Over the past year, grocers have been forced to re-think the needs of their customers. Our team of grocery designers has been keeping a close eye on emerging trends in the industry and which ones the pandemic has pushed to the forefront. We have shared several blogs highlighting our thoughts on changes to the interior footprint of grocery stores, like the front end layout and new changes for the center store, all with the same goal in mind: to help grocers meet the changing needs of their customers.
Now, our team is shifting the focus to the opportunities awaiting grocers in their store’s exterior footprint. Through our work with many food retail clients, we’ve realized some key considerations for owners to think about before making changes to the exterior site.
Parking Lot Layout
The increased adaptation of online grocery shopping has changed the way shoppers interact with not only the interior of the store, but the overall footprint including the exterior site. We’ve also seen a large increase in the number of people opting for at-home grocery delivery which means they aren’t even making their way to the store to pick up their food. This means the number of parking spaces needed by grocers is rapidly decreasing. Many stores nowadays will only be utilizing half of their current parking spaces, maybe even less.
This presents an opportunity for store owners to take advantage of this unused space and revamp those parking spaces for another purpose. Owners should consider how each customer is now accessing the store and use this chance to optimize the exterior facades across the site. Grocers should consider the flow of traffic for each type of customer and create different traffic paths for the in-store shopper, online pick-up and grocery delivery drivers. The key is to consider every person who will interact with the store and ensure the parking lot experience is effortless for each one of them.
There are a few different ways grocers can utilize this unneeded parking space to maximize their revenues. This space can either be sold or leased to a pop-up retailer for a seasonal retail concept or something more permanent. Or the owner can use this space as their own pop-up based on the seasonal needs of the store. For example, the grocer could create a lawn and garden tent for use in the Spring and Summer and transform the area into a seasonal shop for the Fall and Winter holidays.
Another route is the addition of a gas station and/or convenience store component. We are seeing several of our grocery clients expand their business to include these new store models. These stores create an opportunity for the grocer’s existing customers to have the added convenience of filling up while grabbing their groceries or the ability to quickly purchase a snack without having to enter the main store. One thing to consider for any of these new opportunities is the store sightlines. Owners will want to make sure the main store can still be easily spotted from the street even with these new additions. Added signage or strategic placement can help ensure shoppers know exactly where to go for each shopping experience.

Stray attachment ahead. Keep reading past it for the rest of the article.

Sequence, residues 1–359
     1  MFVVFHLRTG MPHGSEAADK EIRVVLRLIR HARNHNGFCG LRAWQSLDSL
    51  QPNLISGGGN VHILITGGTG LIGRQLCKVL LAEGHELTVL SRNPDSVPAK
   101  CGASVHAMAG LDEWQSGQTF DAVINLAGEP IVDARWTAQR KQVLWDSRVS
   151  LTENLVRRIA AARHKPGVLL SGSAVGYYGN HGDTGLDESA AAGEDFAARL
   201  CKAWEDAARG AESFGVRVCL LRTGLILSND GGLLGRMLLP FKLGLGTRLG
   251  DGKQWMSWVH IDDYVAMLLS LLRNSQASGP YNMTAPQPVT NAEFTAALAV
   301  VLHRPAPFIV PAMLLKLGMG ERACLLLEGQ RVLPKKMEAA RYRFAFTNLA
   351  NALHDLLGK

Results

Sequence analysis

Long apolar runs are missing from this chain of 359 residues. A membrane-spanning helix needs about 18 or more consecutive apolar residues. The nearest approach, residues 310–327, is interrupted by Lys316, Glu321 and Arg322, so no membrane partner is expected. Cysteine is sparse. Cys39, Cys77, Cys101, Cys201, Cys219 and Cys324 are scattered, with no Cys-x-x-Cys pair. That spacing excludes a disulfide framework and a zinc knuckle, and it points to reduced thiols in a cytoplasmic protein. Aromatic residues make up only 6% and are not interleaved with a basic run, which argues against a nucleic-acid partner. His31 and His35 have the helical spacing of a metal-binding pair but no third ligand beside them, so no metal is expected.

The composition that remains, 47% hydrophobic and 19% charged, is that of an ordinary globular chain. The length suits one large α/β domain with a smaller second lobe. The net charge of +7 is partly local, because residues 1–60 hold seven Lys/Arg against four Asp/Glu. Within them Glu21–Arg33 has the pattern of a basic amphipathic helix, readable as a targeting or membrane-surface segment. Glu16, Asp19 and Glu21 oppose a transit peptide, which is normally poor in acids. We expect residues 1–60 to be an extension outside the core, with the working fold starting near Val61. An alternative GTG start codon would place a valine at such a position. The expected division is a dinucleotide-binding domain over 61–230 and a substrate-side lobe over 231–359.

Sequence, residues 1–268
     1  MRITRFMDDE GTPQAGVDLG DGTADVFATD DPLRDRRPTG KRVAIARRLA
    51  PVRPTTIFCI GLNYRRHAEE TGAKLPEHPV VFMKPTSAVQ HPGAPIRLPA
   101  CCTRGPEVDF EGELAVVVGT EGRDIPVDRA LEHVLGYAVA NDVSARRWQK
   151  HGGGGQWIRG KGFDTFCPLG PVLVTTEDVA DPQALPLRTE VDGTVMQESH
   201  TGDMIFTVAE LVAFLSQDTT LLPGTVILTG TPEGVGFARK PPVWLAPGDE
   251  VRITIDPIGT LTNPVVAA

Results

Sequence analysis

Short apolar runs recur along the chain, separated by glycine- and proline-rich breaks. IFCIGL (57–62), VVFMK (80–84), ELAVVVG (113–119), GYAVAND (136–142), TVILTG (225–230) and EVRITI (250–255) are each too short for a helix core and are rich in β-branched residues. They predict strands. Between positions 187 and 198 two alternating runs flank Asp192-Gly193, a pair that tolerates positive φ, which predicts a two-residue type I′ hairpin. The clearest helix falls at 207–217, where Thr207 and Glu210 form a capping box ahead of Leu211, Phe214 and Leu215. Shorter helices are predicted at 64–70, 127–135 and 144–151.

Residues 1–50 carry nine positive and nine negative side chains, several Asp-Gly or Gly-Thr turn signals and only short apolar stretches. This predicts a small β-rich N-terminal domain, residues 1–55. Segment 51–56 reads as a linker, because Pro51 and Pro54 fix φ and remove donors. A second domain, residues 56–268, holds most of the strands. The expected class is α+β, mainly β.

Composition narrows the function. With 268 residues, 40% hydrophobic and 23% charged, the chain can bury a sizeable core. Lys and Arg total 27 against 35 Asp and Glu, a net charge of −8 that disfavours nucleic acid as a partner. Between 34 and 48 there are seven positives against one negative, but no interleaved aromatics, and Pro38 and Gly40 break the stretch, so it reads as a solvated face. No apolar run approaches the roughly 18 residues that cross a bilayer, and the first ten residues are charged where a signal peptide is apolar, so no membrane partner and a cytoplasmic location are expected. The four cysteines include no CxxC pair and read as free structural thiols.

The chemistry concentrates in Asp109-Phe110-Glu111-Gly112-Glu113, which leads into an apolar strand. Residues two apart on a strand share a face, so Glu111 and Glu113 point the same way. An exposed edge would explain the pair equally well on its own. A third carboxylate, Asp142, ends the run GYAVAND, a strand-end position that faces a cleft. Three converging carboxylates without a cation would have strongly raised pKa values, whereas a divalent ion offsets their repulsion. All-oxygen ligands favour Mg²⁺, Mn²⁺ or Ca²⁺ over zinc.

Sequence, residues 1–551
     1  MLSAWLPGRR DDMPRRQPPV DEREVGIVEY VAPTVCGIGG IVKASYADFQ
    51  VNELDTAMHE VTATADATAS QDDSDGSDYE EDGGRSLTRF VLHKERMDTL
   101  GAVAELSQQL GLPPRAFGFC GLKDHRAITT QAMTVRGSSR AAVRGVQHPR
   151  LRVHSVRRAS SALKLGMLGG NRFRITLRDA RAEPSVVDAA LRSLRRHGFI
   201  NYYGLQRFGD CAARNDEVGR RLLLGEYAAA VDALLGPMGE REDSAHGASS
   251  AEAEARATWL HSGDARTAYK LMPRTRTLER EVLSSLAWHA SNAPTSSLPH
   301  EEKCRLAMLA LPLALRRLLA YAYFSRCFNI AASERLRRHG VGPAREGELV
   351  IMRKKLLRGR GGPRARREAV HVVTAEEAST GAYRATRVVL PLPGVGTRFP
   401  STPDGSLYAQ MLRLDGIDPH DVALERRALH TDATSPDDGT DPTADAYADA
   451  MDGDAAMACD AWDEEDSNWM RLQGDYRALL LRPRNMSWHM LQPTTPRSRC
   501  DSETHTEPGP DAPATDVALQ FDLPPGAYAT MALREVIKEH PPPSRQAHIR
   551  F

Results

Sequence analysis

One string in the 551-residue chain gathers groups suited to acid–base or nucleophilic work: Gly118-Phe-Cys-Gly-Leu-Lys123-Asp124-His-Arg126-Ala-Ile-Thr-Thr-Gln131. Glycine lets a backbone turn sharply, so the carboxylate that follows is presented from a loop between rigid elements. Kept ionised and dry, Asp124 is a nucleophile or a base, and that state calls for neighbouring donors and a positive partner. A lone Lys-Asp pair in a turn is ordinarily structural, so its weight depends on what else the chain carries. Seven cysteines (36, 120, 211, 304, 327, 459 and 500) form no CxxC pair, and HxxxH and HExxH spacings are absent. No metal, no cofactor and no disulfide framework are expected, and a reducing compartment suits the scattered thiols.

With the addition of any one of these new ideas, there are several technical factors to think through. The first step for grocers to consider would be to get approval from the planning and zoning department since the land-use would be changing. Many jurisdictions are decreasing the parking space count which allows for this space to be reallocated, but it would still need to be submitted and approved by the city.
Logistics also need to be considered for these new spaces to be operable. With the retail pop-up idea, the tenant would need access to power, internet and maybe water depending on the type of retailer. These are simple additions and, in most cases, could be run from the main store.
Changes to the exterior site of the grocery store creates opportunities not only for the store owner, but for the shopper and the community. By maximizing the exterior façade and the empty parking spaces in front, the grocery store experience can be revitalized. The owner has the opportunity to capture more sales and gain revenue from potential rent, while the shopper gains convenience with the added amenities and reconfigured traffic flow.
About the author:
Dave Schukai, AIA, LEED AP, is a Senior Vice President and Principal at BRR. With more than 25 years of experience in supermarket design and store development, Dave is known as a leading grocery design consultant for multiple national clients. His studio works with multiple grocers, and Dave is actively involved in designing solutions that increase operational efficiency, maximize store flow, and ultimately help our clients establish themselves as industry leaders. His experience reaches all regions of the U.S., and is critical to our clients’ grocery prototype development efforts and program rollouts. Email him.